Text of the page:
warranted finding, we shall determine how we intend to proceed with the 
requested revision and publish such notice of our intention in the 
Federal Register. We have determined that the revision is warranted and 
we intend to proceed according to the following steps:

Habitat Assessment

    Criteria for designating critical habitat are provided in our 
regulations at 50 CFR 424. We must consider for inclusion in critical 
habitat those areas that meet physiological, behavioral, ecological, 
and evolutionary requirements that are essential to the conservation of 
a species and that may require special management considerations or 
protection. Such requirements include, but are not limited to: (1) 
Space for individual and population growth, and for normal behavior; 
(2) food, water, air, light, minerals, or other nutritional or 
physiological requirements; (3) cover or shelter; (4) sites for 
breeding, reproduction, rearing of offspring, germination, or seed 
dispersal; and (5) habitats that are protected from disturbance or are 
representative of the historic geographical and ecological distribution 
of a species.
    When considering how to revise the designation of critical habitat, 
we will focus on the principal biological or physical constituent 
elements that are essential to the Cape Sable seaside sparrow's 
conservation. Known primary constituent elements will be listed with 
the critical habitat. Areas that contain these primary constituent 
elements must be determined for the sparrow.
    We will designate as critical habitat areas essential to the 
conservation of the sparrow. The quantity and overall quality of 
habitat, ownership, land use, and connectivity with other sparrow 
habitat changes significantly from site to site. Once identified, the 
habitats must be delineated, mapped, and described for the proposed 
designation process. This process may include review of aerial 
photography, ownership maps, field ground truthing, locating landmarks 
or other geographical markers using survey techniques such as 
geographic positioning systems to locate latitude and longitude, with 
the final product being a usable map.

Economic Analysis

    Section 4(b)(2) of the Act requires us to designate critical 
habitat on the basis of the best scientific and commercial data 
available and to consider the economic and other relevant impacts of 
designating a particular area as critical habitat. We will conduct the 
economic analysis for the proposed critical habitat designation prior 
to making a final determination. We may exclude areas from critical 
habitat upon a determination that the benefits of such exclusions 
outweigh the benefits of specifying such areas as critical habitat. We 
cannot exclude such areas from critical habitat when such exclusion 
will result in the extinction of the species.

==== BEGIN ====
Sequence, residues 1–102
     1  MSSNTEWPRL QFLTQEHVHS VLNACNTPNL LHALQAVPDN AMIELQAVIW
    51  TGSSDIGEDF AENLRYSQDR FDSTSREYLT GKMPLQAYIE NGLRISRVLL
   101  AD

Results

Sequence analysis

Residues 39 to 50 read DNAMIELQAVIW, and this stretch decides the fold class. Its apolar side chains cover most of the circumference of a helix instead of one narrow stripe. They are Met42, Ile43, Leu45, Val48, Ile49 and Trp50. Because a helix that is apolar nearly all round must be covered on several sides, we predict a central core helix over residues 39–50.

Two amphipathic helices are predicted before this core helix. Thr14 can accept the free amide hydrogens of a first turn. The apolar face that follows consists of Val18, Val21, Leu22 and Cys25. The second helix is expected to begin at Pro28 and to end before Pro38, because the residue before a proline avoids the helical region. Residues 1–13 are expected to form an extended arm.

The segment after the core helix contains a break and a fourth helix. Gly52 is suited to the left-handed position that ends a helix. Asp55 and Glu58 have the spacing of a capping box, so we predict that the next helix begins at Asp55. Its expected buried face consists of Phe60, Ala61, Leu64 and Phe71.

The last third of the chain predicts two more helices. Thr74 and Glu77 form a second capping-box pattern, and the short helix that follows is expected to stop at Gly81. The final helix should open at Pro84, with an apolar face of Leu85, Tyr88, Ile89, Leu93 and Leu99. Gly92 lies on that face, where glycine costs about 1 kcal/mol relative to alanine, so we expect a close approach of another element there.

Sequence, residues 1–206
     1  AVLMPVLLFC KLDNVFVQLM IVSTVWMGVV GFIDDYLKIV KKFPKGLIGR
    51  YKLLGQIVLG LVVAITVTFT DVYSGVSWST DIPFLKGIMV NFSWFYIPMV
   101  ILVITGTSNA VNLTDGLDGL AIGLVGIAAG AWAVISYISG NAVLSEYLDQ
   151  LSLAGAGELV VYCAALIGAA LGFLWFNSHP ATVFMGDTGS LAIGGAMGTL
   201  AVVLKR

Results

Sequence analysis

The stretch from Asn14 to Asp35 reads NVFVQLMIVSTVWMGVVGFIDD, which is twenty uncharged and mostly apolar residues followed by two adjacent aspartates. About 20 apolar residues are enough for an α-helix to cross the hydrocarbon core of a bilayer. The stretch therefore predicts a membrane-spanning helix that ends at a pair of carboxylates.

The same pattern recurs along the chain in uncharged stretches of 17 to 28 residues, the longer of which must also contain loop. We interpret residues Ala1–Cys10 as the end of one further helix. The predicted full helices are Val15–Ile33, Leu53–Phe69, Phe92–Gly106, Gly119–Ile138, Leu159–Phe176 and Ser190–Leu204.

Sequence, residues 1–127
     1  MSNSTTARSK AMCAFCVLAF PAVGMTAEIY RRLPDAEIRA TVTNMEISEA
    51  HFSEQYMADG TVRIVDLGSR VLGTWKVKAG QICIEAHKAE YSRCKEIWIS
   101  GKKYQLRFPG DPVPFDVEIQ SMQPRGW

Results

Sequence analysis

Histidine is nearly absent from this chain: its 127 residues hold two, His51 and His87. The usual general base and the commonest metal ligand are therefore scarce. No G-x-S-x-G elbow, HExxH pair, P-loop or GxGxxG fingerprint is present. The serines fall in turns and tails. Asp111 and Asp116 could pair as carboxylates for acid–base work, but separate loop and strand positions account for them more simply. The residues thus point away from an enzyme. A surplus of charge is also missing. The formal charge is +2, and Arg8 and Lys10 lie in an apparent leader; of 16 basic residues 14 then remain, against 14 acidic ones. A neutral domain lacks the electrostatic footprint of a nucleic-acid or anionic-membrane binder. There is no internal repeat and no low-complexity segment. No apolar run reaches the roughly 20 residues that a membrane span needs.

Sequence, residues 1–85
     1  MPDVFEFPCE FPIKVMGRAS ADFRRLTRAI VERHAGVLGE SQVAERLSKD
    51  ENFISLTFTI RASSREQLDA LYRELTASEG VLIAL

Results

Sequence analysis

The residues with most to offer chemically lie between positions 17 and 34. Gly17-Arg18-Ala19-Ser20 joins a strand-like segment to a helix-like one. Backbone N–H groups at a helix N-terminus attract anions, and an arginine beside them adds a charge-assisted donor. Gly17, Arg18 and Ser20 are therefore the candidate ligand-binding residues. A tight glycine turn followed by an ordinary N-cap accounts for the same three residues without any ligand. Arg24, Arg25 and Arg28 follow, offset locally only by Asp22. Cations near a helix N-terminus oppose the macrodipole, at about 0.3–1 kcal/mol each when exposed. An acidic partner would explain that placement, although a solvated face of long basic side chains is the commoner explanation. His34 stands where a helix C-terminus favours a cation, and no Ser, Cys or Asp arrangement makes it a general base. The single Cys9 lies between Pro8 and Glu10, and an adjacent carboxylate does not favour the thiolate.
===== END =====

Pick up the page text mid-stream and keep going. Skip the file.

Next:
Proposed Revision

    We will develop and publish a proposed rule to revise critical 
habitat for the Cape Sable seaside sparrow as soon as feasible, 
considering our workload priorities and available funding. Currently, 
most of our listing budget must be directed to complying with numerous 
court orders, settlement agreements, litigation related activities, and 
due and overdue final listing determinations.


    We will coordinate with Federal, State, Tribal, local, and private 
landowners during the habitat assessment process.
    At this time, we are part of the Federal government's efforts to 
improve water management in the Everglades, and thus conserve species, 
including the Cape Sable seaside sparrow, that depend on appropriate 
water levels. In

[[Page 53575]]

1999, we issued a Jeopardy Biological Opinion to the U.S. Army Corps of 
Engineers (Corps) for the Modified Water Deliveries to Everglades 
National Park project, Experimental Water Deliveries Program, and the 
C-111 Project proposed by the Corps in South Florida. This opinion 
contains Reasonable and Prudent Alternatives (RPAs) that address all of 
the currently known subpopulations of the Cape Sable seaside sparrow. 
These RPAs include elements that are designed to protect and improve 
the habitat of all of these subpopulations, regardless of whether the 
specific location of that habitat is currently designated as critical 
habitat. As a result of that Opinion, we have been working with the 
Corps, Everglades National Park, and the South Florida Water Management 
District to establish water-management practices that will achieve the 
aims of the RPAs, including protection and improvement of all known 
areas where sparrows have been documented since the early 1980s. 
Efforts for protection of the sparrow and its habitat in the near 
future will include coordination with the Florida Fish and Wildlife 
Conservation Commission and the Miccosukee Tribe of Indians. Through 
this section 7 process and our work with the Federal and State agencies 
in south Florida, we will continue to protect and improve habitat for 
the Cape Sable seaside sparrow.


    The primary author of this document is David Martin (see ADDRESSES 


    The authority for this action is the Endangered Species Act (16 
U.S.C. 1531-1544).

    Dated: October 17, 2001.
Marshall P. Jones, Jr.,
Director, Fish and Wildlife Service.
[FR Doc. 01-26746 Filed 10-22-01; 8:45 am]